If you want to run your own mail server, you need at least one MX Record in your DNS. You can, however, have more than one record, and it used to be a good idea: the idea was (and is) that if your primary server is unavailable, the secondary can be used to collect mail, which will then be sent to the primary when it comes back up or becomes less busy than it was previously.
The servers have a number associated with them, and the idea is that a connecting server wishing to send mail should try them in order:
xyz.com. 60 IN MX 5 xyz.com. xyz.com. 60 IN MX 10 second.xyz.com.
So the "xyz.com" is the primary for this fictional domain.
Great idea, but the spammers soon realized that many secondary mail servers don't have spam or virus filters and worse, the primary may be set to not bother scanning stuff the secondary gives it. Even if spam and viruses are still scanned, quite likely prohibited IP's (blacklists) are maintained only on the primary or are out of date on the secondary, and they of course don't get checked when the mail is sent over (servers should never be set up this way but apparently people do stupid things like this). So they deliberately seek out your secondary MX record, ignoring the primary entirely.
One thing to do (besides applying the same blacklists, etc. to all servers, which you may not be able to do if the secondary is a service provided by someone else and not under your control), is to confuse the spammers by multiple host names pointing to your primary server, and then mix in those as (fake) secondary MX records. That won't affect legitimate use of these records; a legitimate mailer will just go down the list until it finds something that responds. At least at this time, the spammers apparently aren't looking very deeply into MX records so won't notice that some of the "secondaries" are really the primary.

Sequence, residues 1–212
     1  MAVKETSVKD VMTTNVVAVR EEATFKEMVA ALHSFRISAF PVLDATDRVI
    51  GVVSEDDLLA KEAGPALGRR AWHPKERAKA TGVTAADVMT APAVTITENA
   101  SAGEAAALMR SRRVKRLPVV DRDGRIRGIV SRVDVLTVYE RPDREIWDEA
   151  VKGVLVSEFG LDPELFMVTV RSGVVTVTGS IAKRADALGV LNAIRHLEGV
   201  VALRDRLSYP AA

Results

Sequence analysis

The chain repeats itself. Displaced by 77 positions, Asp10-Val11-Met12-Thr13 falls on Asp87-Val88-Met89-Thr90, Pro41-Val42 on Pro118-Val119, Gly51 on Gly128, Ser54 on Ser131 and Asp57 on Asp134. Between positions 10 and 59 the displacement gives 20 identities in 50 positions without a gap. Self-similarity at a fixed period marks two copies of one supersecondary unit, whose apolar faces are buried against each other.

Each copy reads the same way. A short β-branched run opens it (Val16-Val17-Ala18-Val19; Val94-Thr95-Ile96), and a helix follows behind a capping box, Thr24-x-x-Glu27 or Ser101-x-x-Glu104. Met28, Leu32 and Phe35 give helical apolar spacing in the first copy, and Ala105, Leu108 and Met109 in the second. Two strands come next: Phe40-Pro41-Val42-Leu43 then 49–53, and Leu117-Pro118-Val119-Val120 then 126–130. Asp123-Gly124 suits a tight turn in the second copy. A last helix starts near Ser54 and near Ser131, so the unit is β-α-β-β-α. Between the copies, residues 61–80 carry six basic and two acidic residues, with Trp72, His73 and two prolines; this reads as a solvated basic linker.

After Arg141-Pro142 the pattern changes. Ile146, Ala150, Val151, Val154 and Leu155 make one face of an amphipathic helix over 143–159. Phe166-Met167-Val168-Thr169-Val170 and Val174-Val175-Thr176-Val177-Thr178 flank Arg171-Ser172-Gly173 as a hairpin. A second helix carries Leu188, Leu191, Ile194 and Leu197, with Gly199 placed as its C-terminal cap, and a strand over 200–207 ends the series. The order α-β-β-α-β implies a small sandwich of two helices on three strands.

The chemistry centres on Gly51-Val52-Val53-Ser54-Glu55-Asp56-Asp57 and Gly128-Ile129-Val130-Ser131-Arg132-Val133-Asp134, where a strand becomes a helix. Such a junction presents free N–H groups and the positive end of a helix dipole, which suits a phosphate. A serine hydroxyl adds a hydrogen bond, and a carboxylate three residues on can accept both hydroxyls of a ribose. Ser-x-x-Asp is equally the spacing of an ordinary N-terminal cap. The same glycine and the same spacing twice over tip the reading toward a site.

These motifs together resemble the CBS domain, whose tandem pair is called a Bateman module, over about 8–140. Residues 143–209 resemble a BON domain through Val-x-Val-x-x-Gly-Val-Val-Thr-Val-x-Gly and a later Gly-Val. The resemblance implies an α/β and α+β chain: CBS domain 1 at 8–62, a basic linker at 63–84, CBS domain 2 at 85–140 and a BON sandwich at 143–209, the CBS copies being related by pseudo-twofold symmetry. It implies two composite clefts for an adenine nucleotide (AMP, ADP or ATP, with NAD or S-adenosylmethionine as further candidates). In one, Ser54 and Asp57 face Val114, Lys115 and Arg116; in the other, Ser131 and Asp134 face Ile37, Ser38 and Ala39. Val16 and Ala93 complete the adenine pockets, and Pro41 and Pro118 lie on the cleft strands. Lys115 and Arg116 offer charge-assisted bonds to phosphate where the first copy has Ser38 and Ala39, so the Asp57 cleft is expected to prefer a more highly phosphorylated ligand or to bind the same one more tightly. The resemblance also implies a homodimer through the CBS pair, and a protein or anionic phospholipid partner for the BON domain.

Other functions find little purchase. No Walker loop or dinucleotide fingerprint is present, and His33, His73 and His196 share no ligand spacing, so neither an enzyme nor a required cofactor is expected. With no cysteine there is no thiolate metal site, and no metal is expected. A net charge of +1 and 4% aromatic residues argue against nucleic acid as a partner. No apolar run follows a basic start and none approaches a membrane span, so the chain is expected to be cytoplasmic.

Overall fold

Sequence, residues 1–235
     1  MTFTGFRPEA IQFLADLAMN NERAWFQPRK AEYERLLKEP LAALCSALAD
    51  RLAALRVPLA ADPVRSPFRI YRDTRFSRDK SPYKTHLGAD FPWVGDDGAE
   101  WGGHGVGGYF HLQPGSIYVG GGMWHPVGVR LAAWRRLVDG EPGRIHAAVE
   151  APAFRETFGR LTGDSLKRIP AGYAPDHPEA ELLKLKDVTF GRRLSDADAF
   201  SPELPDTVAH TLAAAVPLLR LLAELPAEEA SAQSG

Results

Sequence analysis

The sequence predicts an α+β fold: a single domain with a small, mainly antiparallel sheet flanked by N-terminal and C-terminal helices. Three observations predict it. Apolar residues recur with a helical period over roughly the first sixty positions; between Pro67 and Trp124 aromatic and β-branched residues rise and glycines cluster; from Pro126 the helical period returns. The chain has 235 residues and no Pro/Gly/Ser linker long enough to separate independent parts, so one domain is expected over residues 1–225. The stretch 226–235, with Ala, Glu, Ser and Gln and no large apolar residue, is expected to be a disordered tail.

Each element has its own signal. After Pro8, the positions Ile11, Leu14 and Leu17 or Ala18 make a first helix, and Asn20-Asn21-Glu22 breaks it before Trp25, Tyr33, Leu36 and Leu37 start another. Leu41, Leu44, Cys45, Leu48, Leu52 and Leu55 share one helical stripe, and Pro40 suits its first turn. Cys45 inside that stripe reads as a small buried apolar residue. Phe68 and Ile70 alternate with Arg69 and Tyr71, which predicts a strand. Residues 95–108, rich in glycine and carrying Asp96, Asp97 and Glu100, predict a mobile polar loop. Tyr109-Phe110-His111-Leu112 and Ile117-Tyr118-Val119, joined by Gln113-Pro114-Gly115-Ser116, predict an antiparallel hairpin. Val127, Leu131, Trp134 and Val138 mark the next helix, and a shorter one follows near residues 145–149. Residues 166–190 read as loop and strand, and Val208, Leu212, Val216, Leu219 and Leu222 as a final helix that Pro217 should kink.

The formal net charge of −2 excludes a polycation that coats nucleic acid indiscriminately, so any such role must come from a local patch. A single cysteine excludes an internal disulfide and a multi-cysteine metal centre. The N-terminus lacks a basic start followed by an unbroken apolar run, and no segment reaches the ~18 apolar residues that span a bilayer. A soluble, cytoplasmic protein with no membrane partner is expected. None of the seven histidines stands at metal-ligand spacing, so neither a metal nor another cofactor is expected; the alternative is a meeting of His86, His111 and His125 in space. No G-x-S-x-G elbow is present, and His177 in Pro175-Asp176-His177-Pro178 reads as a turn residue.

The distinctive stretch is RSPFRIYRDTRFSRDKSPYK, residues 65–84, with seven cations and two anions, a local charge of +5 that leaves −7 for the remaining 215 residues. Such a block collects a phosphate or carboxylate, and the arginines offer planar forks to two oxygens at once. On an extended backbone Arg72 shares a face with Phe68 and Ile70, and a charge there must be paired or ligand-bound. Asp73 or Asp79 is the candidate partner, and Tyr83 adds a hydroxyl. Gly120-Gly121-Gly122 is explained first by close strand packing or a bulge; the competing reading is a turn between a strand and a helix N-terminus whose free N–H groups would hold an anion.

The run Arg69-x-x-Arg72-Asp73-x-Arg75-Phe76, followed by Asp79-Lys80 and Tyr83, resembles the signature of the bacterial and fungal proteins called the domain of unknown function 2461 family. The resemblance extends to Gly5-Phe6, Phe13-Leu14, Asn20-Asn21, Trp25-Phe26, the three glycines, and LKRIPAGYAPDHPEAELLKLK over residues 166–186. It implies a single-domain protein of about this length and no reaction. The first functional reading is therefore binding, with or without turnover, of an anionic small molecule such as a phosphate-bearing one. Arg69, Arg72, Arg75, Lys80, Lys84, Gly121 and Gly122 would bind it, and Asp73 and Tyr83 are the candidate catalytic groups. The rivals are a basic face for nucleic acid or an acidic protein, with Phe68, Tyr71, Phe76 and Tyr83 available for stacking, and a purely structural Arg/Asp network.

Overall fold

However, spammers learn from their mistakes, so that ploy probably won't be effective for too long. The only real way to do this is to control your secondary MX's and make sure the same filtering policies are in effect.
Another problem with secondaries can be unnecessarily delayed mail. Any momentary issue at the primary will cause a sender to use the secondary. If there were no secondary, they'd probably try you again in a few minutes, and slowly back off to longer and longer times between tries. But if the mail does go to the secondary, it may not get relayed to the primary for a longer time: maybe the next day.
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More Articles by Tony Lawrence © 2012-07-17 Tony Lawrence